The Pittsburgh region is home to about 100 robotics and autonomy companies, employing more than 6,000 people and contributing nearly $3.2 billion in economic activity. But those impressive numbers didn’t happen by accident.
Hard work by public-private partnerships, universities and others laid the foundation for a thriving tech and robotics ecosystem, one that startup Thoro.ai credits with its March 2021 launch.
Building on technology that originated at Carnegie Robotics, the company’s systems enable safe, reliable and versatile autonomous robots that can navigate in high-traffic areas such as airports, retail environments, hospitals and schools.
As part of its commitment to giving back to the region, Thoro.ai is both sponsoring and mentoring a local school district’s robotics team.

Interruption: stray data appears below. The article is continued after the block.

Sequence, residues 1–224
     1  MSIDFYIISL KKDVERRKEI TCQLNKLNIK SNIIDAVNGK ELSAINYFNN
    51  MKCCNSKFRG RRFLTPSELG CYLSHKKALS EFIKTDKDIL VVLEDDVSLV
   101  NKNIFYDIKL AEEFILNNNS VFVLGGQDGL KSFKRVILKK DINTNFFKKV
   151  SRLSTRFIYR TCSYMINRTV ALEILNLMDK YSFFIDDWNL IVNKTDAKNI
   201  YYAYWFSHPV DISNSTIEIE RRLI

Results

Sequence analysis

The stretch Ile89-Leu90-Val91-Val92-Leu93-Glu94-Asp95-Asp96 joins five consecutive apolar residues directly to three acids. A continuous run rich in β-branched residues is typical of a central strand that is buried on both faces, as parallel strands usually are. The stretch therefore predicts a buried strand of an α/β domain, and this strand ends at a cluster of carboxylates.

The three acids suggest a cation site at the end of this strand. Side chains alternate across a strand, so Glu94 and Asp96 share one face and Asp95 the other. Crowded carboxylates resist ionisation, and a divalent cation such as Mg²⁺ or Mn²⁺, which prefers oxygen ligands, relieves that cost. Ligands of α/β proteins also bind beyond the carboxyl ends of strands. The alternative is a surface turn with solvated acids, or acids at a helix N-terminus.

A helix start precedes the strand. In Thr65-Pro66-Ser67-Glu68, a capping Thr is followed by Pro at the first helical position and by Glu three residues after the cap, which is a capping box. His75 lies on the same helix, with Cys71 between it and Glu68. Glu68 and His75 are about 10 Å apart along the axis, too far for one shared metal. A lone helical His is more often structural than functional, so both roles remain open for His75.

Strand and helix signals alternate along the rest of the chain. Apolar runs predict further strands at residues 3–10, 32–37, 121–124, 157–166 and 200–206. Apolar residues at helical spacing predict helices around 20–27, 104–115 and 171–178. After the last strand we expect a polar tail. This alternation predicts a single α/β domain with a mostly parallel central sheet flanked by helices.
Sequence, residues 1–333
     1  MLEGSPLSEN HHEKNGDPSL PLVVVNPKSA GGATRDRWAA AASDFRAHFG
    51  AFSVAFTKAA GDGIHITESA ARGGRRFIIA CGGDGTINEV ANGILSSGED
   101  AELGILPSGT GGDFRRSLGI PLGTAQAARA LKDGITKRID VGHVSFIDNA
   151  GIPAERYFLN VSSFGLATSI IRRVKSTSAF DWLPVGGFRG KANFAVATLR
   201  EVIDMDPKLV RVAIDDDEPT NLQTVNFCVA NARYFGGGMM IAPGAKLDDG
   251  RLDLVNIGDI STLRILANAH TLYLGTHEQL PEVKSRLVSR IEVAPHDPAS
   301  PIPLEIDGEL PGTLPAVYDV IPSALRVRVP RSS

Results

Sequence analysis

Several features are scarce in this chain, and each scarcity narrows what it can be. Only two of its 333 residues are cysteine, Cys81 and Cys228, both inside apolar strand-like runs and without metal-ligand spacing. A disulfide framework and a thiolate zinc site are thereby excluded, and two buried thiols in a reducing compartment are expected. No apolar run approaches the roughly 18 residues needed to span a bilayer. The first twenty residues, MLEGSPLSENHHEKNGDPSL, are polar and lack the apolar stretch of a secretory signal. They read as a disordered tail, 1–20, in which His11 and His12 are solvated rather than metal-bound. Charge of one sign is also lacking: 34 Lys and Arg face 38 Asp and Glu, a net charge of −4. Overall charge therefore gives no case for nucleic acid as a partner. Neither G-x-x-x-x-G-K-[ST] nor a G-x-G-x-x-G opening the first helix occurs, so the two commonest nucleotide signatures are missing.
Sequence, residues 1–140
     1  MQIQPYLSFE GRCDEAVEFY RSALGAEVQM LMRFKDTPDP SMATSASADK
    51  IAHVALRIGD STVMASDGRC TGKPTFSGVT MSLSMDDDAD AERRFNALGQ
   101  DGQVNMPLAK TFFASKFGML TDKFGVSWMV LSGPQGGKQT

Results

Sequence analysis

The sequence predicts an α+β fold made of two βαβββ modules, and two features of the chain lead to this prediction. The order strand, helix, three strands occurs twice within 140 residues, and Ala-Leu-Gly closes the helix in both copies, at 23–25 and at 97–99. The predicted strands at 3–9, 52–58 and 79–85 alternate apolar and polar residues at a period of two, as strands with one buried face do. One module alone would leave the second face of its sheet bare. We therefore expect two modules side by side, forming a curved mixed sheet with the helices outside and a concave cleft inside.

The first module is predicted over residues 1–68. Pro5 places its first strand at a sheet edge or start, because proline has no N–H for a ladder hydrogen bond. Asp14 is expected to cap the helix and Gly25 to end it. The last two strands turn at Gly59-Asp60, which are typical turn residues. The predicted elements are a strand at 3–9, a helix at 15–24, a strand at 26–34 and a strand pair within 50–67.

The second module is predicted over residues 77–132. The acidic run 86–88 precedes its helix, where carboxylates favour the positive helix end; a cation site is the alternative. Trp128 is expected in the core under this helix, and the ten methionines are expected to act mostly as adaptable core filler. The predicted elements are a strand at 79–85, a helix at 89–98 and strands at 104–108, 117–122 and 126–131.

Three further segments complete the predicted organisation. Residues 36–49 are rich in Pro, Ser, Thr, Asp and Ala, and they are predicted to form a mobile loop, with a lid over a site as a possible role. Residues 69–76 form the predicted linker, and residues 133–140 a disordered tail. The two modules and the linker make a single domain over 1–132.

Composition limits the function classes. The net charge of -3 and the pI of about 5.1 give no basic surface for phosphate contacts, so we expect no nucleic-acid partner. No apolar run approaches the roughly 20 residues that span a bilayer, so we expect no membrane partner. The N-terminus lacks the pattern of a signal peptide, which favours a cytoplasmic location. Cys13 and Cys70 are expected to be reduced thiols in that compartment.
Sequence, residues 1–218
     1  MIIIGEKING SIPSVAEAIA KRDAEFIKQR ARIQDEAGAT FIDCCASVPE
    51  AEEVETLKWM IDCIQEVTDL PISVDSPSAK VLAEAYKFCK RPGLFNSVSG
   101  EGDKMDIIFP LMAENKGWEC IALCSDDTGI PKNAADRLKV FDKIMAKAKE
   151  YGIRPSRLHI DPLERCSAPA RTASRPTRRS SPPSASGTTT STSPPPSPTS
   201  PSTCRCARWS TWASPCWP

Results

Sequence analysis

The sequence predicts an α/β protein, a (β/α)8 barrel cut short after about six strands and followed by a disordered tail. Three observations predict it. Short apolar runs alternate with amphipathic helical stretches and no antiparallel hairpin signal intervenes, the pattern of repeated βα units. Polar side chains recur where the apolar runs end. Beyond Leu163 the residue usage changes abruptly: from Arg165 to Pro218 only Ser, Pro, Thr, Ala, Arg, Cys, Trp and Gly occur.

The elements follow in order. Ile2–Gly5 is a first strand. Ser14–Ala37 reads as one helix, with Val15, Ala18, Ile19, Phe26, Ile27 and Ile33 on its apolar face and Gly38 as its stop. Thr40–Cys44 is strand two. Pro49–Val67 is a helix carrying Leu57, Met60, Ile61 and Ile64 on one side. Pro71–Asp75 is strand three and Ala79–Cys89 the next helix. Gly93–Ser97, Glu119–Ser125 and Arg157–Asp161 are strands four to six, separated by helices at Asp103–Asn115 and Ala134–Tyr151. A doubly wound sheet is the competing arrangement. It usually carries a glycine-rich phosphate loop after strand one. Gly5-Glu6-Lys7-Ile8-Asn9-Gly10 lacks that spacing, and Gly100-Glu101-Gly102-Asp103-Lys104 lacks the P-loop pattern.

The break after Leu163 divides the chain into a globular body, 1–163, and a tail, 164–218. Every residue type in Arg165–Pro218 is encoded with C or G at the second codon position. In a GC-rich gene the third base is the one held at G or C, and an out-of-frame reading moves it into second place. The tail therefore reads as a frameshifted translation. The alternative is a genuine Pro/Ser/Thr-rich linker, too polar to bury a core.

A panel at the Wall Street Journal’s annual Future of Everything Festival featured three prominent voices from the Pittsburgh region’s tech community, according to Technical.ly.
The panel, which discussed tech and accessibility issues, included Fifth Season CEO and Co-founder Austin Webb; Carnegie Bosch Institute President Christopher Martin and Astrobotic General Counsel Justine Kasznica.
Panelists outlined how they are thinking ahead to ensure the benefits of their work are available to everyone. Moderator Elena Corchero, the Wall Street Journal’s director of emerging tech, said the Pittsburgh region is “giving Silicon Valley a run for its money.”
“Together, we can help ensure that Black tech founders receive equal access to investment opportunities.”
Black Tech Nation Founder and CEO Kelauni Jasmyn on F.N.B.’s $2.5 million commitment to Black Tech Nation Ventures, which will help to democratize access to VC capital and generate wealth for marginalized communities
Robotics startup giving back to the community that nurtured it